Grassley Explores Whether Top Health Care Agency Gave Special Access to Wall Street Print
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Written by Grassley Press   
Monday, 19 December 2011 15:04

WASHINGTON – Sen. Chuck Grassley of Iowa is asking the top government health care agency whether it gave special access to hedge funds and consultants “who seek to profit from government information.”  Grassley is concerned about a specific meeting in 2009, as alleged by a whistleblower, and in general, because of increased Wall Street interest in gaining information from government agencies and Congress.

“The bottom line question for anything government employees do on the clock is what’s in it for the taxpayers,” Grassley said.  “If government employees are spending hours providing inside information to hedge funds or companies that consult for hedge funds, it’s hard to see how that helps the public.  In fact, it robs the taxpayers of these employees’ full value.  It raises concerns about whether hedge funds get special access to information above other Americans just because of who they are.  The public’s business ought to be public, not parceled out behind closed doors.”

This week, Grassley wrote to the acting administrator of the Centers for Medicare and Medicaid Services, asking for details of the agency’s dealings with hedge funds and others who seek to profit from government information.  Grassley cited allegations from a then-agency employee who said nearly one dozen agency employees were made to have a lengthy meeting with a Wall Street firm in 2009 over reimbursement policy for certain medical devices.  The whistleblower said the Wall Street firm peppered the agency employees with questions about decision-making and agency processes.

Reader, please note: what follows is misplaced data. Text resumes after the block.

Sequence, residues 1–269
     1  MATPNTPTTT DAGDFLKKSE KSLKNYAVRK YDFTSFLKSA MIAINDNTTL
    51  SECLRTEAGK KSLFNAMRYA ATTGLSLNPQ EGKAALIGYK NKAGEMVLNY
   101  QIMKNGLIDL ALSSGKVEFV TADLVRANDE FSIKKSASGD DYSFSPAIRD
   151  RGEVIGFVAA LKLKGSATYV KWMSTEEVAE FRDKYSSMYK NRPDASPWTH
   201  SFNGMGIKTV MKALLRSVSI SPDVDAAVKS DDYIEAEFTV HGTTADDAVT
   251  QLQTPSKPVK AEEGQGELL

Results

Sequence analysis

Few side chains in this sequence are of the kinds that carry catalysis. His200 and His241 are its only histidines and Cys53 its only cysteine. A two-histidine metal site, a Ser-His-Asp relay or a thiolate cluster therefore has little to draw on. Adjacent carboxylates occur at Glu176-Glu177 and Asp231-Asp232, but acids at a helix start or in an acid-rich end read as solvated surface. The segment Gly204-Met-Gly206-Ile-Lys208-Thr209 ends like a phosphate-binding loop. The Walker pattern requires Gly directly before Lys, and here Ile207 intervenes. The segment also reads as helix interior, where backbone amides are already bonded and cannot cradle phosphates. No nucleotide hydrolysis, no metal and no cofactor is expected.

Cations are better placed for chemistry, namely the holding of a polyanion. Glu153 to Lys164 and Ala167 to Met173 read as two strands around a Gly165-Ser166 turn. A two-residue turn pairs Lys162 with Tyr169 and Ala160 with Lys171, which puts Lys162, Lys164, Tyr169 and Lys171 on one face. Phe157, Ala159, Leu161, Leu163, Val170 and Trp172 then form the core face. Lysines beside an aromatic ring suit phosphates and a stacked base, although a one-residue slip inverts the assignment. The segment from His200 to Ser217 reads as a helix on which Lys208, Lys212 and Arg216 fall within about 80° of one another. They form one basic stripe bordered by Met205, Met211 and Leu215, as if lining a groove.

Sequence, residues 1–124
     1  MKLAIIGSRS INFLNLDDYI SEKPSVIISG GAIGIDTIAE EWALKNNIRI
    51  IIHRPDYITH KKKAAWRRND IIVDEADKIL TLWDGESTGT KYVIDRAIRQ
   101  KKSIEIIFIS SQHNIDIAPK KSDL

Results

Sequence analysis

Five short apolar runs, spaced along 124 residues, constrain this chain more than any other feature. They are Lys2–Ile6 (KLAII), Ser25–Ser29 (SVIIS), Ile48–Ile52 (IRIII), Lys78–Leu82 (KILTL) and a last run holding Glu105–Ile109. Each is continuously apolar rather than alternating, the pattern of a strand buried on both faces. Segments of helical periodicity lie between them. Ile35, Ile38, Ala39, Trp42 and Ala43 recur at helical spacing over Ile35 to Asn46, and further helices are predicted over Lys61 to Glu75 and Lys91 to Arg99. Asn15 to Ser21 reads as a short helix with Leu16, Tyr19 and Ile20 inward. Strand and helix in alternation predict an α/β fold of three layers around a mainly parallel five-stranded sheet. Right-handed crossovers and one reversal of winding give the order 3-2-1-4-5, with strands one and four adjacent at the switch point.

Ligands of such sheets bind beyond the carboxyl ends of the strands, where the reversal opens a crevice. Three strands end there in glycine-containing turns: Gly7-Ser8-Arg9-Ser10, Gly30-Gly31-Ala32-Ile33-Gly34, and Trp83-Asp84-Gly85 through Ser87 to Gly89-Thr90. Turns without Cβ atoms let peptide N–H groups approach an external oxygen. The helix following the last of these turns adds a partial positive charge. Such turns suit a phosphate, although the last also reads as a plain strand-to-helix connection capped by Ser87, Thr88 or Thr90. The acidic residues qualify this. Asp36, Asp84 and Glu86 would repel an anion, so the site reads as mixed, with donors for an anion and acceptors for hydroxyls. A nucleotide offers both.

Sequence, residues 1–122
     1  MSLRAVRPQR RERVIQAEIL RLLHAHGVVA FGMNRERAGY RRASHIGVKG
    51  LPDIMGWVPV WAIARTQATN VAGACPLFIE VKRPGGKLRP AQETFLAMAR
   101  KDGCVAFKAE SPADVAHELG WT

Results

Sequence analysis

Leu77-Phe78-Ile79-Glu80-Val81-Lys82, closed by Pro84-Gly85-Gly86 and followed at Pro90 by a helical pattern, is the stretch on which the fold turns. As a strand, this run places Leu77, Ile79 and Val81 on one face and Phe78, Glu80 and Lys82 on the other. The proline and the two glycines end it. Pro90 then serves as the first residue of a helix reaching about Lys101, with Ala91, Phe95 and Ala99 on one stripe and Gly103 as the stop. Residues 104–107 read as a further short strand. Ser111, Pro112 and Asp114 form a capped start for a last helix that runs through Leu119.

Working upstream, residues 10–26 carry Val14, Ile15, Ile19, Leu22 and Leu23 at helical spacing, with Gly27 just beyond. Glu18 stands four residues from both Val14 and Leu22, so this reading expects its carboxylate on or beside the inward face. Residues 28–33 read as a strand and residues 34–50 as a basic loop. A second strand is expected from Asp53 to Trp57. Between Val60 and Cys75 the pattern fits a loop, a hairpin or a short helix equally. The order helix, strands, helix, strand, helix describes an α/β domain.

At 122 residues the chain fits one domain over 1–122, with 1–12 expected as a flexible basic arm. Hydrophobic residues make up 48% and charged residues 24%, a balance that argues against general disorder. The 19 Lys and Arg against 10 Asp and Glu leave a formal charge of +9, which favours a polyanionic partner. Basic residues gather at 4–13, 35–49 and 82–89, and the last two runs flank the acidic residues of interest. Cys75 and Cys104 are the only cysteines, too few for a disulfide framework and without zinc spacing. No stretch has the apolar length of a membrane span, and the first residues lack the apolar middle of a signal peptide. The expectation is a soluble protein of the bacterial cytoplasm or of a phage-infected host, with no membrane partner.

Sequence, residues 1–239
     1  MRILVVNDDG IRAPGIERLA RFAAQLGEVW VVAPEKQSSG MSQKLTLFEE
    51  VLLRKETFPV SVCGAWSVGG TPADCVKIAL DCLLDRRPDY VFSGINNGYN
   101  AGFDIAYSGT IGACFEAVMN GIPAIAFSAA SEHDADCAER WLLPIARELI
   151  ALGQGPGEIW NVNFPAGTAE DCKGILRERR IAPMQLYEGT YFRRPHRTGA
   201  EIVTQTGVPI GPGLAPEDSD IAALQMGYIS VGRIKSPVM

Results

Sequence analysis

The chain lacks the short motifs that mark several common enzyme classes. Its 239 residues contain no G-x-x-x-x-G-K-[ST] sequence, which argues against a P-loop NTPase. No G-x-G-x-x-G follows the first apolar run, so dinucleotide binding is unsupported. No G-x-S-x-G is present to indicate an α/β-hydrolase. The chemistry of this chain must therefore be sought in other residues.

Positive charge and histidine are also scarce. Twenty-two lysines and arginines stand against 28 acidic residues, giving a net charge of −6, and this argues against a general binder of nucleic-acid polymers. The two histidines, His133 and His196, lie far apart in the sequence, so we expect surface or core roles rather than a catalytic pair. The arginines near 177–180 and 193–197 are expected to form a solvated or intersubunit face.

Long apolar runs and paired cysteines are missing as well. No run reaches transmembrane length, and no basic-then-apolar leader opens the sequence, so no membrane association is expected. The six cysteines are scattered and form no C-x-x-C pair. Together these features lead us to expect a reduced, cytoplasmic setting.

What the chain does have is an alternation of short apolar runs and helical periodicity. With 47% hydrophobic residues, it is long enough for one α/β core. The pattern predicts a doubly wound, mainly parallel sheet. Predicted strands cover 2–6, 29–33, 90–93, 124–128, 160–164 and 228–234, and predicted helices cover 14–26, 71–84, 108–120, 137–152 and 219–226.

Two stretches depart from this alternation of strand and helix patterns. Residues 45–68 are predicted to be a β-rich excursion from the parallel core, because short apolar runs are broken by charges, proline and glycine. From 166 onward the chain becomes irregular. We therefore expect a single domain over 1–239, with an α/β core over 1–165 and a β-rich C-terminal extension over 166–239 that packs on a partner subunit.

The agency controls billions of dollars of federal spending through Medicare and Medicaid and has significant power over issues of interest to Wall Street, including whether the government health care programs will pay for certain medical devices and procedures and if so, to what extent.  An agency decision on coverage can make or break the success of a medical device, for example, and investors have great interest in gaining insight into coverage decisions so they can plan accordingly.

Grassley asked the agency to explain whether it has any policies governing employee interaction with Wall Street and other outside groups and for any records of how often such interactions occur.

Grassley’s inquiry comes amid increased exposure of contact between Wall Street and government agencies, based on his own inquiries and reporting from The Wall Street Journal and the Project on Government Oversight, a watchdog group, and others.

In December 2010, the White House received attention for organizing private meetings with the head of the Centers for Medicare and Medicaid Services with outside groups, including those with lobbyists, on the implementation of the controversial health care law.

At the Department of Education, Grassley wrote to Education Secretary Arne Duncan regarding contacts with hedge funds and top staff members over whether the government would crack down on the for-profit education industry.

Grassley’s letter this week to the Centers for Medicare and Medicaid Services is available here.  A Wall Street Journal piece on the inquiry is available here.  A piece from the Project on Government Oversight on Wall Street interest in government is available here.

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